The tribe that gained attention for leading the fight to block the Dakota Access Pipeline is taking the reins of its clean energy future with the creation of a public power authority to develop a 235-megawatt wind farm.
To date, SAGE (Strategic, Advancement, Goals, and the Environment) has raised nearly $2 million from nine different philanthropic foundations for pre-development work, as well as secured a $100,000 award from NDN Collective, a Rapid City, S.D.-based advocacy and funding group, for the project’s commitment to stem the effects of climate change.
“We want to control our own destiny,” said Joseph McNeil Jr., general manager of SAGE Development Authority, the tribe’s new public power authority. “That’s been the bottom line for a long time, and particularly when DAPL hit — that we earn, build and maintain our own power supply.”
SAGE, which stands for Strategic, Advancement, Goals, and the Environment, is charged with leading Standing Rock’s efforts at developing renewable energy resources for economic development. Anpetu Wi (meaning “the breaking of the new day” in the Lakota language) will be an enduring revenue source for SRST and will support Standing Rock in providing essential needs such as schools, roads, health care, and housing development.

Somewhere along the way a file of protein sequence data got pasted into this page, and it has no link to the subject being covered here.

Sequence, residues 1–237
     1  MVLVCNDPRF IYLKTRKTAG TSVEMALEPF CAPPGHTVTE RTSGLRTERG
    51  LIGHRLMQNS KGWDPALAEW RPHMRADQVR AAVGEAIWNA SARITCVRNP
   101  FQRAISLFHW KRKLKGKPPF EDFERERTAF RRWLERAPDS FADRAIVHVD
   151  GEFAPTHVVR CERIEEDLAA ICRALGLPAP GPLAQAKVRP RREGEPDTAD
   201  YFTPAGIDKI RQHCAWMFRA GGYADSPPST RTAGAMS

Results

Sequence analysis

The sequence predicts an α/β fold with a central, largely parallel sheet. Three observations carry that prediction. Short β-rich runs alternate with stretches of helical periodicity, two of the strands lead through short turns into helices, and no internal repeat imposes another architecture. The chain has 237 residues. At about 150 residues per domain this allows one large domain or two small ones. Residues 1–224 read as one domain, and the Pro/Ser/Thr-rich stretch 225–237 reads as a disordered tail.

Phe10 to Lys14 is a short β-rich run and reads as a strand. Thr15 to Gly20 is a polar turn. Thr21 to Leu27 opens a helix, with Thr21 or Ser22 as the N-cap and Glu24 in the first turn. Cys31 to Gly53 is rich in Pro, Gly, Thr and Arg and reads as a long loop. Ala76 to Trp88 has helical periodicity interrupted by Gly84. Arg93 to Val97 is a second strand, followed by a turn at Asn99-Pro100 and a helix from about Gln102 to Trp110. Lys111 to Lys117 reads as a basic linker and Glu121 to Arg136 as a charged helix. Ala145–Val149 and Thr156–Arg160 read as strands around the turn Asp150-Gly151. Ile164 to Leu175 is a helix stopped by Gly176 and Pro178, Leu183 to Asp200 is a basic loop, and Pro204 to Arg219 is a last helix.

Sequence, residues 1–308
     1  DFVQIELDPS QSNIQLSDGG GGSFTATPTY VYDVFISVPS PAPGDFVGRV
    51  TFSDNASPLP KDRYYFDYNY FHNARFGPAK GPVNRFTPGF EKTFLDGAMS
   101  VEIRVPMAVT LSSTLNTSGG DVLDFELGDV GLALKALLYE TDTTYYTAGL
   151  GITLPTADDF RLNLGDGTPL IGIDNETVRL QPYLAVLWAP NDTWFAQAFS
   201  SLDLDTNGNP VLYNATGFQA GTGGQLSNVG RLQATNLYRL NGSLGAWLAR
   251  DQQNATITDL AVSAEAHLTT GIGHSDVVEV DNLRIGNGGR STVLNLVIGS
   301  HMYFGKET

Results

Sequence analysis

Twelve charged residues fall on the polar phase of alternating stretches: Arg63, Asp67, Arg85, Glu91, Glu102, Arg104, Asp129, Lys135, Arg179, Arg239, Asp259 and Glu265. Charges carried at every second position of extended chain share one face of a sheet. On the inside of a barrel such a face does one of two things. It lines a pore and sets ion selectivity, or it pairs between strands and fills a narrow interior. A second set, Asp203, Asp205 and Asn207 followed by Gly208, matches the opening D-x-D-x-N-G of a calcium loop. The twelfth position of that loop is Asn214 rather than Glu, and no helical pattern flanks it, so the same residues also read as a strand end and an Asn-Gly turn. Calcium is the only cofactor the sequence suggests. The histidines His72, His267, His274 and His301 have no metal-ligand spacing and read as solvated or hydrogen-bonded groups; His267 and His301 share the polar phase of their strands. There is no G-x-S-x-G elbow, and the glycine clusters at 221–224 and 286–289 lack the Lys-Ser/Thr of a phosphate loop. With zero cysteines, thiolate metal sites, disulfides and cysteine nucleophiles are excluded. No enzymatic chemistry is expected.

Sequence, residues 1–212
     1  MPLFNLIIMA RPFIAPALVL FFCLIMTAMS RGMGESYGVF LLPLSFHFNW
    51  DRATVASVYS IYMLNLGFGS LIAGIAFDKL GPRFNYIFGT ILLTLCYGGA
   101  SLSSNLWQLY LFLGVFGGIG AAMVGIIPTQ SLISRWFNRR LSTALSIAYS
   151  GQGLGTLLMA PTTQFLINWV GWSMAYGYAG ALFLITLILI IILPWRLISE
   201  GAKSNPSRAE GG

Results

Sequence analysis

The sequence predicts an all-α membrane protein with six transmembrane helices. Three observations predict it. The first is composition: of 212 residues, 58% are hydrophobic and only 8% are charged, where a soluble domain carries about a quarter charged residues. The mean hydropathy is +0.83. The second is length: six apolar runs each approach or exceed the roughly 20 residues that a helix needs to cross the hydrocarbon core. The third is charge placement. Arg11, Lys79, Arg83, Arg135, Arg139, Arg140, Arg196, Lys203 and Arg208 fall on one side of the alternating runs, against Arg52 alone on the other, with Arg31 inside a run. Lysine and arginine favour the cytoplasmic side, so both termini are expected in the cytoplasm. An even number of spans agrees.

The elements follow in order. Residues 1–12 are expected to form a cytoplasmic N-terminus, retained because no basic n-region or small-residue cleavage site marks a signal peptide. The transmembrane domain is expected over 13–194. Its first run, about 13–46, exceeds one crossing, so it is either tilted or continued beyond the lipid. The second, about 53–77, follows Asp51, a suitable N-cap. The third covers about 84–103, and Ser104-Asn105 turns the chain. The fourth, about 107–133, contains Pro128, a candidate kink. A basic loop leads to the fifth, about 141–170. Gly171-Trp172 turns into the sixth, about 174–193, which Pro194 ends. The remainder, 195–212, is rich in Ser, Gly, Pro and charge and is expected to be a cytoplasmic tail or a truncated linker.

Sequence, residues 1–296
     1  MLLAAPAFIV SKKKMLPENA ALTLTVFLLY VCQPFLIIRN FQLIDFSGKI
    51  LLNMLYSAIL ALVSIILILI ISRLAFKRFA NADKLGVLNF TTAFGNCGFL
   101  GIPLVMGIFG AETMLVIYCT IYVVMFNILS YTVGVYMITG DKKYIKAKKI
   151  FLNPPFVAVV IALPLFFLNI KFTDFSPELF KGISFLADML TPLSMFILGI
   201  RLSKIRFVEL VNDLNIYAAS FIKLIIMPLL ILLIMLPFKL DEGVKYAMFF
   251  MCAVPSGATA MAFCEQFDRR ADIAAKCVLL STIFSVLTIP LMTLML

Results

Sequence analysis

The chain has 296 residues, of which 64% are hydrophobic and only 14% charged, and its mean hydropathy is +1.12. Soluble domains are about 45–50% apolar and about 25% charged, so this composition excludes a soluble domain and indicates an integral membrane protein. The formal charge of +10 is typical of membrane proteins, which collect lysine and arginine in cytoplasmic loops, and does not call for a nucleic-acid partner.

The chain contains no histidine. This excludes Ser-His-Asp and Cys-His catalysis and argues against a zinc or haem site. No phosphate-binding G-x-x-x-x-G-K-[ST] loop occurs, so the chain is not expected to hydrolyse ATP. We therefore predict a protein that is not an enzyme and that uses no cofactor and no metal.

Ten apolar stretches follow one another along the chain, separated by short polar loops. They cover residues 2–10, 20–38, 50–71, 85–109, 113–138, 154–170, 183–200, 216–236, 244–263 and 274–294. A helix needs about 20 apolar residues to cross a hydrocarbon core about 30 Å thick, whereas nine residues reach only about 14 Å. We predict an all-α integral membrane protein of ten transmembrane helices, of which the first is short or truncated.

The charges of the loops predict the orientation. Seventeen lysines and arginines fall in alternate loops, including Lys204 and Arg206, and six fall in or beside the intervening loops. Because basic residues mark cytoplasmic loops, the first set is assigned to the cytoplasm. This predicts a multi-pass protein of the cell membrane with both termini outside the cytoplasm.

The project represents a community development model to produce renewable energy that offers a path toward self-determination and sovereignty for Standing Rock and other Native nations. No tribally owned public power project in the U.S. has achieved this level of development to date for a utility-scale wind farm.
SAGE has already submitted an application for interconnection to the Southwest Power Pool and has raised nearly $2 million from nine different philanthropic foundations for pre-development work to set up SAGE.
“We are proud to achieve another milestone in our quest to create a model for self-determination and economic development not only for our people but for all Native communities,” Joseph McNeil Jr., general manager of SAGE, said in a statement.